Parents' Guide to

The Express

By James Rocchi, Common Sense Media Reviewer

age 12+

Inspirational true story tackles race, football.

Movie PG 2008 121 minutes
The Express Poster Image

A Lot or a Little?

What you will—and won't—find in this movie.

Community Reviews

age 12+

Based on 3 parent reviews

age 16+

Too much cursing

I was shocked this movie had a PG rating. It had many curse words in it, including several instances of profanity with terms of deity. What constitutes PG these days?!? This movie’s bold message would have still come through without the offensive swearing. It’s not advised for children.

This title has:

Great messages
Great role models
Too much swearing
age 10+

A movie about football- and a whole lot more!

When Ernie Davis was a young boy living in Uniontown, Pennsylvania he faced lots of racism. (Even if Jim Crow laws weren't official outside of the Southeast, they were informally observed in certain other parts of the country.) Being forced to run from his white tormentors gave him the idea to play football. Things got better for him when he moved to Elmira, New York, in the western part of the state, at age 10. The great skills that Ernie Davis had led to a scholarship at Syracuse University, and ultimately to being the first black player to ever win a Heisman trophy. Unfortunately, he wasn't allowed at the banquet that was given in his honor because of his race, so most of his teammates wisely boycotted the banquet. (It would be interesting to find out why a few didn't.) After graduation he was drafted by the Cleveland Browns. Unfortunately his health prevented him from ever playing pro football. He died a year after being drafted. Ernie Davis even had it even harder than Jackie Robinson. If you think about it it makes sense. After all, Jackie Robinson never had to play in the Southeast since major league baseball at the time was only in the Midwest and the Northeast. Davis, however, did have to play in the Southeast. A great way to see where we were in race relations in various parts of the country at the time. I'd highly recommend this movie.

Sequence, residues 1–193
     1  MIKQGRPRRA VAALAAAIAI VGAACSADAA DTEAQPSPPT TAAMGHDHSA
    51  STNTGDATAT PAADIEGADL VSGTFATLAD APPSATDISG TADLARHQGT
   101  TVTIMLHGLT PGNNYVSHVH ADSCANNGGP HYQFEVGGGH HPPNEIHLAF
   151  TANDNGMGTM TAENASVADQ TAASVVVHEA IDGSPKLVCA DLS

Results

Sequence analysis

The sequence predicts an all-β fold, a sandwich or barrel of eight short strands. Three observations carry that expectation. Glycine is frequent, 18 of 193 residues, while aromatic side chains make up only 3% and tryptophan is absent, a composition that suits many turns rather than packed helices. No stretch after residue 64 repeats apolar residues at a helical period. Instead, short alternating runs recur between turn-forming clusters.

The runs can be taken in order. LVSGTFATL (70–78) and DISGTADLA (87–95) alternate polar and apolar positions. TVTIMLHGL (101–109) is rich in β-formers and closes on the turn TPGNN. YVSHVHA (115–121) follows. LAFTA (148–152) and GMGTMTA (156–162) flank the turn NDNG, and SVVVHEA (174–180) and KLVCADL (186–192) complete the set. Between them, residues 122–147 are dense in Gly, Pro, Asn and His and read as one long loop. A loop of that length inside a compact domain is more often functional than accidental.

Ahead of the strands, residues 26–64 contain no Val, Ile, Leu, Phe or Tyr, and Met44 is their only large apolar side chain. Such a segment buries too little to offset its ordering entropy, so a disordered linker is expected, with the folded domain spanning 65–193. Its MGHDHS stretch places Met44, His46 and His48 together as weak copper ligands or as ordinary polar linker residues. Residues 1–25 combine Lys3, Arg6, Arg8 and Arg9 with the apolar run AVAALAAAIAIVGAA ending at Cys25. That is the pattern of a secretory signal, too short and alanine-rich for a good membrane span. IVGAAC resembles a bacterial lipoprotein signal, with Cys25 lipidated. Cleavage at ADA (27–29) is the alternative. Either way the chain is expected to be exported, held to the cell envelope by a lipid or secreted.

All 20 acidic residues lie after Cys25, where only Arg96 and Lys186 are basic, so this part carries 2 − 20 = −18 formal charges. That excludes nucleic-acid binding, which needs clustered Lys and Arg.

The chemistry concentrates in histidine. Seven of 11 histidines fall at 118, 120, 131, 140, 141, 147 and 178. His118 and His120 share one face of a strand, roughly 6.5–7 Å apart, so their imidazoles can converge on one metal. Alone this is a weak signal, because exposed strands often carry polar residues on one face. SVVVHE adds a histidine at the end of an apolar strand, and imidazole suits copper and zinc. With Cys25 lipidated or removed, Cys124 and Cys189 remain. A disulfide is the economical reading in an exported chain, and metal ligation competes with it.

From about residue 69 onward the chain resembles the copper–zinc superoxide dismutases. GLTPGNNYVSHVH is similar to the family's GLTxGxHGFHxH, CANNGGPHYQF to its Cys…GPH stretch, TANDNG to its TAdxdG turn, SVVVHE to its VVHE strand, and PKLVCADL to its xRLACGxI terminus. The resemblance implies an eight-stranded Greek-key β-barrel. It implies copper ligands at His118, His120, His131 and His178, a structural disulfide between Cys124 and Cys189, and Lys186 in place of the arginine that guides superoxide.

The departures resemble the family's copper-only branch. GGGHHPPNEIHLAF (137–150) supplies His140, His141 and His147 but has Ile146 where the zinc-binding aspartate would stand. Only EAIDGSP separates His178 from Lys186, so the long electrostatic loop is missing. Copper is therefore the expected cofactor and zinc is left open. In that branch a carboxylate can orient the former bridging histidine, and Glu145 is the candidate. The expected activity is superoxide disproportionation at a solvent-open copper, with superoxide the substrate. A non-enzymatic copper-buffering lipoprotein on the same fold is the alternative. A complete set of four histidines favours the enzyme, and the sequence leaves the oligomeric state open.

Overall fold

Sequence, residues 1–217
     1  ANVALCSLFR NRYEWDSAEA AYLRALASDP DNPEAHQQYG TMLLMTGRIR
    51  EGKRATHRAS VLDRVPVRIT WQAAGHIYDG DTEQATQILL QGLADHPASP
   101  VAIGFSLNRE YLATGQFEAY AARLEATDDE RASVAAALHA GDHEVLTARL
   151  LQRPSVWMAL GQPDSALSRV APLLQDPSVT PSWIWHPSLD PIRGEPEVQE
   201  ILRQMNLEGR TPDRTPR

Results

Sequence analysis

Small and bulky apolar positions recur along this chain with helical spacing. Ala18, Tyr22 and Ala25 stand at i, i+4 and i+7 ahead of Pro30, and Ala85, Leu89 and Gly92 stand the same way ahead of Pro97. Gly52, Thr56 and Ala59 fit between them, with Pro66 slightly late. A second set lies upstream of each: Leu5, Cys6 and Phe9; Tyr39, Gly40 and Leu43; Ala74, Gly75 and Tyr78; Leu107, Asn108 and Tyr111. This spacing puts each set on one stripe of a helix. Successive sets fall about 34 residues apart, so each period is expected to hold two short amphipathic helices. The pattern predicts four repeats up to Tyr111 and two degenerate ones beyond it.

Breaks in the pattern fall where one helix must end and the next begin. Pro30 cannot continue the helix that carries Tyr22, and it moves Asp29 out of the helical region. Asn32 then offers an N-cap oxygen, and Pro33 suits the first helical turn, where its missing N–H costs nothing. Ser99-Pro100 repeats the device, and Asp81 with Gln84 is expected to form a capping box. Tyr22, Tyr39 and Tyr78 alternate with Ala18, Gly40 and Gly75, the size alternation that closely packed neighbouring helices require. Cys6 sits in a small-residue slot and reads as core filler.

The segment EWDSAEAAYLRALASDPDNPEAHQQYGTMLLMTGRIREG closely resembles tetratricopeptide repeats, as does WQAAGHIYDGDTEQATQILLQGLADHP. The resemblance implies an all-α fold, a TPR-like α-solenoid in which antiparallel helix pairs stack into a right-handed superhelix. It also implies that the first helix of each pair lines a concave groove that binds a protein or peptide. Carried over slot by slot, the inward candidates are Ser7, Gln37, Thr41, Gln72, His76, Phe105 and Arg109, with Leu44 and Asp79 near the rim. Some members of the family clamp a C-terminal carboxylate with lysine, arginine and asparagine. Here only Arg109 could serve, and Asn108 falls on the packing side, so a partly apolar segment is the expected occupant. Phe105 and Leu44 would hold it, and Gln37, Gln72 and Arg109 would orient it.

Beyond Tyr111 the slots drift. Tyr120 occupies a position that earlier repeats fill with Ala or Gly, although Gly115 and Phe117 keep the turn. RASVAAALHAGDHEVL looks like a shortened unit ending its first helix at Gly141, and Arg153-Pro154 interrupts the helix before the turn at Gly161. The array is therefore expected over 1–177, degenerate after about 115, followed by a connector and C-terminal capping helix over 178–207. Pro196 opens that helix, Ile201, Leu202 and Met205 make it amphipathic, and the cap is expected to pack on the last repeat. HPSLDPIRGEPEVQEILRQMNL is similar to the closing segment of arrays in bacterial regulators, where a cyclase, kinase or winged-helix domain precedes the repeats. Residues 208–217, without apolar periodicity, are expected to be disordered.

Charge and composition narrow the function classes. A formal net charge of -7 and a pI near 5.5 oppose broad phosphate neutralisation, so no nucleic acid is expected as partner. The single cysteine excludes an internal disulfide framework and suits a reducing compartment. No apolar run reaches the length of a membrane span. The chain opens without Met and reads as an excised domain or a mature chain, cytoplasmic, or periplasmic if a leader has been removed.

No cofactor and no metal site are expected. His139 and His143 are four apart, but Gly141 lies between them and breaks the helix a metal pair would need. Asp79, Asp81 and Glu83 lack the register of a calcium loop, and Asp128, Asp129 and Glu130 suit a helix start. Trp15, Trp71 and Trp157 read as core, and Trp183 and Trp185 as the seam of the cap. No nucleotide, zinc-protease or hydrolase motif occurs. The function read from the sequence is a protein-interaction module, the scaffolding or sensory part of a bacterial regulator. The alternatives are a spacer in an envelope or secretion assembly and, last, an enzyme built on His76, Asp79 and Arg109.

Is It Any Good?

Our review:
Parents say (3):
Kids say (11):

Inspirational true-life sports films seem to be a dime a dozen, but when they're good, they're worth their weight in gold. Directed by Gary Fleder, The Express is a little overlong and a little over-directed, but the fierce momentum of Davis' story keeps the film going through the slower moments, and the sincerity and sober thought that Fleder and screenwriter Charles Leavitt bring to the film shine through some of the overly flashy camera work and directorial choices.

The cast is also excellent, especially Brown; he manages to make Davis seem dignified but not dull, principled but never preachy -- and he completely sells the excellence of Davis' real-life athletics in the film's recreation of bygone games. Quaid is also outstanding as Schwartzwalder, a man both cold and compassionate, focused on football and yet aware of the world outside it. The film moves downfield as if on rails -- from early childhood to early success, from initial excitement to unexpected setbacks, all leading up to the big game and the tragic real-life events that followed. At the same time, the talent of everyone involved makes it easy to watch the cast and crew go through the moments you expect from the film. The Express isn't as subtle or specific as it could be, but at the same time it's hard to imagine not being moved by Davis' real struggles and story.

Movie Details

Inclusion information powered by

Did we miss something on diversity?

Research shows a connection between kids' healthy self-esteem and positive portrayals in media. That's why we've added a new "Diverse Representations" section to our reviews that will be rolling out on an ongoing basis. You can help us help kids by suggesting a diversity update.

Common Sense Media's unbiased ratings are created by expert reviewers and aren't influenced by the product's creators or by any of our funders, affiliates, or partners.

See how we rate